http://www.detroitnews.com/story/business/autos/2015/05/07/tesla-acquires-michigan-based-auto-supplier/70931142/

 

http://www.mlive.com/business/west-michigan/index.ssf/2015/05/tesla_acquisition_revives_west.html#incart_river

Edited by mpchicago

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Well, to start, we should factor in the Erie Canal, which was a major waterway from the 1820s to the 1950s.  Though the cities are the same age, Rochester's population boomed to 36,000 in 1850 (a major city back then) while GR was still around 2600.  Though inner-city populations peaked in 1950, Buffalo used to be a major port and a center of cultural influence prior to that, and the Buffalo-Rochester relationship was probably similar to, say, Dallas and Fort Worth today.  That all changed when the Seaway opened, which was like a one-two punch when combined with the suburbanization going on at the same time.  Rochester's biggest bright spot is that at least it's not Buffalo.

 

But none of that explains what's happening in GR these days.  It's an interesting question!  Something to ponder...

Edited by RegalTDP

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Well, to start, we should factor in the Erie Canal, which was a major waterway from the 1820s to the 1950s.  Though the cities are the same age, Rochester's population boomed to 36,000 in 1850 (a major city back then) while GR was still around 2600.  Though inner-city populations peaked in 1950, Buffalo used to be a major port and a center of cultural influence prior to that, and the Buffalo-Rochester relationship was probably similar to, say, Dallas and Fort Worth today.  That all changed when the Seaway opened, which was like a one-two punch when combined with the suburbanization going on at the same time.  Rochester's biggest bright spot is that at least it's not Buffalo.

 

But none of that explains what's happening in GR these days.  It's an interesting question!  Something to ponder...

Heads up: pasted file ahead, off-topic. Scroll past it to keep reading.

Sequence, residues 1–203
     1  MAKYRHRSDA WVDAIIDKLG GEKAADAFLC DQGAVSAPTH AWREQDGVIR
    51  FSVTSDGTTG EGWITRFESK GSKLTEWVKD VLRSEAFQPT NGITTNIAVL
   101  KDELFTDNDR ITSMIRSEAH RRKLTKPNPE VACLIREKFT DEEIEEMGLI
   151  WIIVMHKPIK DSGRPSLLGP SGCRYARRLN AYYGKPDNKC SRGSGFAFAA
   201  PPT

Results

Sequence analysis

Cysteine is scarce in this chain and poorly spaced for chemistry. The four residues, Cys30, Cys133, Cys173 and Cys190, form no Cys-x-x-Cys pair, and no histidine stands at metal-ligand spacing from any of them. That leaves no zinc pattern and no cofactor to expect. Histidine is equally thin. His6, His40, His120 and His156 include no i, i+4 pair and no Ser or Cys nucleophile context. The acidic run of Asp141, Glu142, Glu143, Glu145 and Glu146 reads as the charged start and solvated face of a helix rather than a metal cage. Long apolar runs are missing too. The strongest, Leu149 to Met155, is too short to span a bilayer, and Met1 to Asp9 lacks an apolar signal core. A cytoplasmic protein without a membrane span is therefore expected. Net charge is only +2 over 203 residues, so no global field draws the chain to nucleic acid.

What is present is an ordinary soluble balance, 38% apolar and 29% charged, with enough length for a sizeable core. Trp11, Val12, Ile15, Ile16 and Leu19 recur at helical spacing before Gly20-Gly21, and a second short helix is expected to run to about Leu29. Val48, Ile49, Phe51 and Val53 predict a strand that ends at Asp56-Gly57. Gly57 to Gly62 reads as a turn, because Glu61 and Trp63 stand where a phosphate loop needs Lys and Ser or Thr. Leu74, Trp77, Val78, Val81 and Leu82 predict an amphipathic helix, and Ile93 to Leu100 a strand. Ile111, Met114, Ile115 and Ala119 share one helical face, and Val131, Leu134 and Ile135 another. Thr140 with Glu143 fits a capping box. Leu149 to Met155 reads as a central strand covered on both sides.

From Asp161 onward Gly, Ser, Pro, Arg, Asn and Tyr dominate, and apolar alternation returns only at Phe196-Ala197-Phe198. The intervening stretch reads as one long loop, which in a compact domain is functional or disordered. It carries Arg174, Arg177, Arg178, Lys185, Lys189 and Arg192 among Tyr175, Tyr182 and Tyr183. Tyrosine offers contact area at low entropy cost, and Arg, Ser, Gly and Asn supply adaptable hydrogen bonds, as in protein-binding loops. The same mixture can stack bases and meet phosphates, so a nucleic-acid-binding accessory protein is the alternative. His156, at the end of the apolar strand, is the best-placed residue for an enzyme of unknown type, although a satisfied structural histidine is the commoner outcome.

It is interesting. It would make a great case study, because frankly, if you compare the GR area to many other cities of its size, and to the State of Michigan, we shouldn't be doing as well as we are. We've lost some major employment (Steelcase for instance), the weather is basically not great, we have a heavy manufacturing base. 

 

But other than major investments from the Amway family downtown, which certainly helps, the growth in most of the city is organic "from the ground up." 

 

I do think we are poised well for the 21st Century, and really haven't even seen anything yet. 

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Well, to start, we should factor in the Erie Canal, which was a major waterway from the 1820s to the 1950s.  Though the cities are the same age, Rochester's population boomed to 36,000 in 1850 (a major city back then) while GR was still around 2600.  Though inner-city populations peaked in 1950, Buffalo used to be a major port and a center of cultural influence prior to that, and the Buffalo-Rochester relationship was probably similar to, say, Dallas and Fort Worth today.  That all changed when the Seaway opened, which was like a one-two punch when combined with the suburbanization going on at the same time.  Rochester's biggest bright spot is that at least it's not Buffalo.